Wilson Holloway were approached by healthy food evangelists SHOT to develop an experimental interior for their first cafe in St. Paul’s, London. The client’s brief asked for the design to be a direct reflection of their careful scientific approach to recipe development – their menu demands that every ingredient used must offer direct health benefits.
In response, Wilson Holloway used bespoke curved ceramics to create a continuous clinical tiled space inspired by Victorian medical laboratories and the traditional curved ceramics of the London Underground.
Working closely with Dutch tile manufacturer D-Tile, the space was designed in 3D software on a customisable 150x150mm square grid. The serving counter, menu screens, customer fridge and kitchen door were all integrated into one complex and continuous expanse of tiles. The tiles were also used to form the counter tops, a central table, bar stools, external projecting signs, and even the pendant lampshades.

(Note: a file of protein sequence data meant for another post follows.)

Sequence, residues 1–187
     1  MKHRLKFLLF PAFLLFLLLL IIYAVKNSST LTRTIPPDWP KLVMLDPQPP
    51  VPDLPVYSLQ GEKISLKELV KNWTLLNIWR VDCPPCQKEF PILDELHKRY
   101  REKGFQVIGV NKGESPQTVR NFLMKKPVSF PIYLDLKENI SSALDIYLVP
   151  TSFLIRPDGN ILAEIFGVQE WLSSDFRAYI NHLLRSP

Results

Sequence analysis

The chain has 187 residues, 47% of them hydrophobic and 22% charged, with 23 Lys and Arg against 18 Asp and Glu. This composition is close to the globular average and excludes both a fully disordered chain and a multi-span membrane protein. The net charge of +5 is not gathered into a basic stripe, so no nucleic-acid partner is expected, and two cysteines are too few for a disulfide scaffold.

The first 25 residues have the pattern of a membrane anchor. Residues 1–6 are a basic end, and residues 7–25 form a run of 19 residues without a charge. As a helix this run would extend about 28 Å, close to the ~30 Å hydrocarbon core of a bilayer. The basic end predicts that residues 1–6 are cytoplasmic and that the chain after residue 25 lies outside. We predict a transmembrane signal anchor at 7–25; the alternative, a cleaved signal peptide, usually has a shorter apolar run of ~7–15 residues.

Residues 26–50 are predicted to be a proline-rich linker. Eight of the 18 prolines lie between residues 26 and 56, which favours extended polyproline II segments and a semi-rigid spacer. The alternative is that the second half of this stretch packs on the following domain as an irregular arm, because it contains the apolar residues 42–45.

Four unique colours were developed for the stools and pendants to reflect the cafe’s branding. Further colour was added by using rubber flooring, planting, and a neon sign.
The table was designed with integrated planters to house herbs and chilis to emphasise the transparency of the food produce on offer. The solid walnut bench tops were formed using a flatbed CNC machine to mimic the grout lines and bevelled edges of the tiles.
Sitting between a micro gin-distillery and an independent tailors, the exterior of the shop was simplified and painted white to give it a distinctive street presence on this characterful London lane.
“The difficulty in this project was designing something distinctive yet functional in such a small space,” says Alex Holloway. “Our aim was to create an intricate interior that reflects the high level of detail our clients put into their product.”
all images by Nicholas Worley